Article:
Physics

What are graduates doing after six months?

This is what graduates told us they were doing (and earning), shortly after completing their course. We've crunched the numbers to show you if these immediate prospects are high, medium or low, compared to those studying this subject/s at other universities.

£22,000
med
Average annual salary
97%
high
Employed or in further education
84%
med
Employed in a role where degree was essential or beneficial

Top job areas of graduates

11%
Business, research and administrative professionals
11%
Information technology and telecommunications professionals
7%
Business, finance and related associate professionals
What do graduate employment figures really tell you?

Although the subject has seen a bit of resurgence in recent years, the UK is still felt to be short of physics graduates, and in particular physicists training as teachers. If you want a career in physics research — in all sorts of areas, from atmospheric physics to lasers - you'll probably need to take a doctorate, and so have a think about where you would like to do that and how you might fund it (the government funds many physics doctorates, so you might not find it as hard as you think). With that in mind, it's not surprising that just over a fifth of physics graduates go on to take doctorates when they finish their degree, and well over a third of physicists take some kind of postgraduate study in total. Physics is highly regarded and surprisingly versatile, which is why physics graduates who decide not to stay in education are more likely to go into well-paid jobs in the finance industry than they are to go into science. The demand and versatility of physics degrees goes to explain why they're amongst the best-paid science graduates.

What about your long term prospects?

Looking further ahead, below is a rough guide for what graduates went on to earn.

Computing

The graph shows median earnings of graduates who achieved a degree in this subject area one, three and five years after graduating from here.

£26k

£26k

£31k

£31k

£43k

£43k

Note: this data only looks at employees (and not those who are self-employed or also studying) and covers a broad sample of graduates and the various paths they've taken, which might not always be a direct result of their degree.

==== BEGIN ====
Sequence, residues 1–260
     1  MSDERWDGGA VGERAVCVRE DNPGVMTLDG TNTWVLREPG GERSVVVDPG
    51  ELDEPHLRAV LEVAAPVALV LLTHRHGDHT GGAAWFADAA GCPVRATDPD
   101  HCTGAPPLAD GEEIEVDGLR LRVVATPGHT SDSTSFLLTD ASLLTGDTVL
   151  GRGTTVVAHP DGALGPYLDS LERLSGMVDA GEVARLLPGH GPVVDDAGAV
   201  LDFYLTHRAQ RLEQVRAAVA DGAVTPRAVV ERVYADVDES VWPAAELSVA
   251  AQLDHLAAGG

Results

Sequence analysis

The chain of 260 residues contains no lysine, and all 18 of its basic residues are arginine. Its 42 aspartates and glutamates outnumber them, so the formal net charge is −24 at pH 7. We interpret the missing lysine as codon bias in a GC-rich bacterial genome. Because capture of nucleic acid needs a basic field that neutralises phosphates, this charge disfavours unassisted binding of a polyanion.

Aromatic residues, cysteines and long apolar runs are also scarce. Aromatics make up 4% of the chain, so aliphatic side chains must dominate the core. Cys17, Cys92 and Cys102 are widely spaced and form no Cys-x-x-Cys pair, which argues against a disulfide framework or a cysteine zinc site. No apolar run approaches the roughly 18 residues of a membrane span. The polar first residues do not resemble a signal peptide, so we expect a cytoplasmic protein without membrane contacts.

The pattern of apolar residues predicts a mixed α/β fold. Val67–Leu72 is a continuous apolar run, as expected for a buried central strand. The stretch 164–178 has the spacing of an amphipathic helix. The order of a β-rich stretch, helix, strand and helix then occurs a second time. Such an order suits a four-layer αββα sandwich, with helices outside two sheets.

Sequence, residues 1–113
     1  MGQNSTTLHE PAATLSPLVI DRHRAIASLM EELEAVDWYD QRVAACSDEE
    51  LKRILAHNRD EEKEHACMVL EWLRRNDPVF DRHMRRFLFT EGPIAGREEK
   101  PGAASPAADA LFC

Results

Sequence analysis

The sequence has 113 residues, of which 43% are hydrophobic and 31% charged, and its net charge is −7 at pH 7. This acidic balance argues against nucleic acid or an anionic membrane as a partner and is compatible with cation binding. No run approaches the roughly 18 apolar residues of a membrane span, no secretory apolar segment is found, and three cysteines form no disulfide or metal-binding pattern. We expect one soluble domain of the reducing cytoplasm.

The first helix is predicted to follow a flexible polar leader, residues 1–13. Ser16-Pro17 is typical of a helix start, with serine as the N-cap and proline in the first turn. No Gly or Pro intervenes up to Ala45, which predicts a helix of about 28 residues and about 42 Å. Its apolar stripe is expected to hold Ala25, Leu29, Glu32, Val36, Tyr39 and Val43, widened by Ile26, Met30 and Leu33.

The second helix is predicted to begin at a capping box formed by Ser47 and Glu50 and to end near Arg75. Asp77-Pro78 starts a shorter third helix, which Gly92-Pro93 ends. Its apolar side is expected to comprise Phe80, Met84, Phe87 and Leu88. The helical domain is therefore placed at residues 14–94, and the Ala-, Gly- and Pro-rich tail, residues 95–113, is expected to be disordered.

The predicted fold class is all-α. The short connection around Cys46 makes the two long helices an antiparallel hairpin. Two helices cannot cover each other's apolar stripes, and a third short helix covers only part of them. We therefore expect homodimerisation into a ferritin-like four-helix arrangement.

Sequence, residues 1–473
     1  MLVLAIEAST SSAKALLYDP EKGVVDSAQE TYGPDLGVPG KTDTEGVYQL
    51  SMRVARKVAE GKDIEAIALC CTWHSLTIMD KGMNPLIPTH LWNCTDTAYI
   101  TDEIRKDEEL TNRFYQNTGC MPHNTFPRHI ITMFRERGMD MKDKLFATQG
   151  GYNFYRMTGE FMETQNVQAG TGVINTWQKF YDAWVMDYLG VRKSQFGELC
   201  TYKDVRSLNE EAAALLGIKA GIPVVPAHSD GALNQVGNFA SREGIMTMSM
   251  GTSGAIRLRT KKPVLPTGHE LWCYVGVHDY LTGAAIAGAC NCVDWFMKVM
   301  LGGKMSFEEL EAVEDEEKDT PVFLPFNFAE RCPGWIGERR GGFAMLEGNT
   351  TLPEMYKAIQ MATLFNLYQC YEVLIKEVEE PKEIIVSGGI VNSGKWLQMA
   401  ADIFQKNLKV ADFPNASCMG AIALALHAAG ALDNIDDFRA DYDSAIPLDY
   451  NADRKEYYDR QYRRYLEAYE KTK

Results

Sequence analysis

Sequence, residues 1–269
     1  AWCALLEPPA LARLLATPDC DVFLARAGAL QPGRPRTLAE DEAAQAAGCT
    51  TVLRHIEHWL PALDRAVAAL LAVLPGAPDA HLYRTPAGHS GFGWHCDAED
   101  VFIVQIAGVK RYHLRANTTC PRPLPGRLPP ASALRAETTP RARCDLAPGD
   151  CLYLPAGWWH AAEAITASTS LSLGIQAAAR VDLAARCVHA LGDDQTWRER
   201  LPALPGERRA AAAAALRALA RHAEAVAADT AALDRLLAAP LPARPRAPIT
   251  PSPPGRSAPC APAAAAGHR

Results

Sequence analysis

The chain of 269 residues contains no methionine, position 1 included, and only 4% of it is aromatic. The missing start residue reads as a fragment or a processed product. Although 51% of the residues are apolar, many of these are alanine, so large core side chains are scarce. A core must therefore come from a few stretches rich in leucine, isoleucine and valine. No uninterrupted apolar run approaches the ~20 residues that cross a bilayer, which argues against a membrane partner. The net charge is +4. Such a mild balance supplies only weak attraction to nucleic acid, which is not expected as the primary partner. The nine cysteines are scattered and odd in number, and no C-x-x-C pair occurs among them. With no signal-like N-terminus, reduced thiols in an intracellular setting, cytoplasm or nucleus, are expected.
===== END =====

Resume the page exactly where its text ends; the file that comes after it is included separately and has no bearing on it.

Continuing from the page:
Physical sciences

The graph shows median earnings of graduates who achieved a degree in this subject area one, three and five years after graduating from here.

£21k

£21k

£27k

£27k

£30k

£30k

Note: this data only looks at employees (and not those who are self-employed or also studying) and covers a broad sample of graduates and the various paths they've taken, which might not always be a direct result of their degree.

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This is what the university has told Ucas about the criteria they expect applicants to satisfy; some may be compulsory, others may be preferable.

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This is the percentage of applicants to this course who received an offer last year, through Ucas.

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This is what the university has told Ucas about the course. Use it to get a quick idea about what makes it unique compared to similar courses, elsewhere.

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Course location and department:

This is what the university has told Ucas about the course. Use it to get a quick idea about what makes it unique compared to similar courses, elsewhere.

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Teaching Excellence Framework (TEF):

We've received this information from the Department for Education, via Ucas. This is how the university as a whole has been rated for its quality of teaching: gold silver or bronze. Note, not all universities have taken part in the TEF.

Have a question about this info? Learn more here

This information comes from the National Student Survey, an annual student survey of final-year students. You can use this to see how satisfied students studying this subject area at this university, are (not the individual course).

We calculate a mean rating of all responses to indicate whether this is high, medium or low compared to the same subject area at other universities.

Have a question about this info? Learn more here

This information is from the Higher Education Statistics Agency (HESA).

You can use this to get an idea of who you might share a lecture with and how they progressed in this subject, here. It's also worth comparing typical A-level subjects and grades students achieved with the current course entry requirements; similarities or differences here could indicate how flexible (or not) a university might be.

Have a question about this info? Learn more here

Post-six month graduation stats:

This is from the Destinations of Leavers from Higher Education Survey, based on responses from graduates who studied the same subject area here.

It offers a snapshot of what grads went on to do six months later, what they were earning on average, and whether they felt their degree helped them obtain a 'graduate role'. We calculate a mean rating to indicate if this is high, medium or low compared to other universities.

Have a question about this info? Learn more here

Graduate field commentary:

The Higher Education Careers Services Unit have provided some further context for all graduates in this subject area, including details that numbers alone might not show

Have a question about this info? Learn more here

The Longitudinal Educational Outcomes dataset combines HRMC earnings data with student records from the Higher Education Statistics Agency.

While there are lots of factors at play when it comes to your future earnings, use this as a rough timeline of what graduates in this subject area were earning on average one, three and five years later. Can you see a steady increase in salary, or did grads need some experience under their belt before seeing a nice bump up in their pay packet?

Have a question about this info? Learn more here